Cinco de Mayo is the most widely celebrated Mexican holiday in the United States―and one of the most mixed-up, often referred to incorrectly as Mexico's independence day. That doesn't crimp the parties that unfold from Los Angeles to San Antonio to Nueva York, of course, because historical accuracy is less important than fun. But knowing the real story can help you enjoy the festivities a little more, just as recalling the underdog-American victory over Britain adds extra zing to our Fourth of July. Here's what really happened.
Mexico began its struggle for freedom by declaring independence from Spain on September 16, 1810―some 50 years ahead of the conflict that would inspire today's fiestas. The intervening decades were rife with political turmoil. By 1861, the nation's coffers were so depleted that President Benito Juárez suspended payments to foreign debtors for two years. France's Napoleon III saw this default as his chance to claim assets by force, establish French colonies in Latin America, and curb the growing influence of the United States.
In 1862, on the fifth of May―cinco de mayo―Mexico defeated a French force at the Battle of Puebla, 100 miles east of Mexico City. Although the ragtag Mexican army was eventually conquered by a heavily reinforced French assault, the Batalla de Puebla came to represent Mexican unity and its willingness to defend against an imperialist state bent upon conquest. Ironically, though, Cinco de Mayo is celebrated far more zealously in the United States than in Mexico. It's largely because Mexican-Americans adopted the holiday and turned it into an event of such camaraderie that it has been increasingly popular with people of other backgrounds and cultures.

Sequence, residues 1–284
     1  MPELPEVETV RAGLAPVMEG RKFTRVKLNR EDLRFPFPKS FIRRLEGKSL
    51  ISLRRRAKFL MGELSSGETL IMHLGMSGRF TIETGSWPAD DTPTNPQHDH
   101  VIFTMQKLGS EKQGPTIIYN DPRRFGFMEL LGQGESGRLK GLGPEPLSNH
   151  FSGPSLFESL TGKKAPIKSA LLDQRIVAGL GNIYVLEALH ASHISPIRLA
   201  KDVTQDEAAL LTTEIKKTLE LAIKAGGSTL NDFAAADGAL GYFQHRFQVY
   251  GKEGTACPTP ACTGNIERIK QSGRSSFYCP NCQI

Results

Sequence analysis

This American popularization of Cinco de Mayo may also be due, in large part, to the beautiful weather in early May. In September, when Mexico's real independence day falls, many people are preoccupied with football and the beginning of school. In May, on the other hand, the weather is pleasant and nature is in full bloom. Whether Mexican-American or Irish-American, people around the country find it the perfect time for parades, Mexican-style picnics in the park, and backyard outings.
This year, you can celebrate Cinco de Mayo with these easy-to-prepare dishes that allow everyone―including the hosts―the freedom to enjoy the day with friends and family.